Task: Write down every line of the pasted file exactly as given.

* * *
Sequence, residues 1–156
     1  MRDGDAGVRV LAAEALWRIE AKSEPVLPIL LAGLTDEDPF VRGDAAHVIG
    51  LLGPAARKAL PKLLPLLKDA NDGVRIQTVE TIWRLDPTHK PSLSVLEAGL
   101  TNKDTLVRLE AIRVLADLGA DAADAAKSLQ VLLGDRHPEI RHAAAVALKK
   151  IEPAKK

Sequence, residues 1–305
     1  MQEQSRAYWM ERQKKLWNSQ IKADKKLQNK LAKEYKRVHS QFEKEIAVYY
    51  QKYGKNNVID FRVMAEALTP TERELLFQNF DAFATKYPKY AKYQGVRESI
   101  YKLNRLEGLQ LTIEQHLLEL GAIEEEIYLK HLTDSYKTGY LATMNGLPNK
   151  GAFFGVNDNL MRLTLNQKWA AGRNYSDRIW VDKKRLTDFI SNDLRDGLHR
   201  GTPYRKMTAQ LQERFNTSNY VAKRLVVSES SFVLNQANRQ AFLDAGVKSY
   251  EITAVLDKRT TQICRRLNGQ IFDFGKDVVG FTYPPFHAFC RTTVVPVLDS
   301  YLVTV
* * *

Sequence, residues 1–156
     1  MRDGDAGVRV LAAEALWRIE AKSEPVLPIL LAGLTDEDPF VRGDAAHVIG
    51  LLGPAARKAL PKLLPLLKDA NDGVRIQTVE TIWRLDPTHK PSLSVLEAGL
   101  TNKDTLVRLE AIRVLADLGA DAADAAKSLQ VLLGDRHPEI RHAAAVALKK
   151  IEPAKK

Sequence, residues 1–305
     1  MQEQSRAYWM ERQKKLWNSQ IKADKKLQNK LAKEYKRVHS QFEKEIAVYY
    51  QKYGKNNVID FRVMAEALTP TERELLFQNF DAFATKYPKY AKYQGVRESI
   101  YKLNRLEGLQ LTIEQHLLEL GAIEEEIYLK HLTDSYKTGY LATMNGLPNK
   151  GAFFGVNDNL MRLTLNQKWA AGRNYSDRIW VDKKRLTDFI SNDLRDGLHR
   201  GTPYRKMTAQ LQERFNTSNY VAKRLVVSES SFVLNQANRQ AFLDAGVKSY
   251  EITAVLDKRT TQICRRLNGQ IFDFGKDVVG FTYPPFHAFC RTTVVPVLDS
   301  YLVTV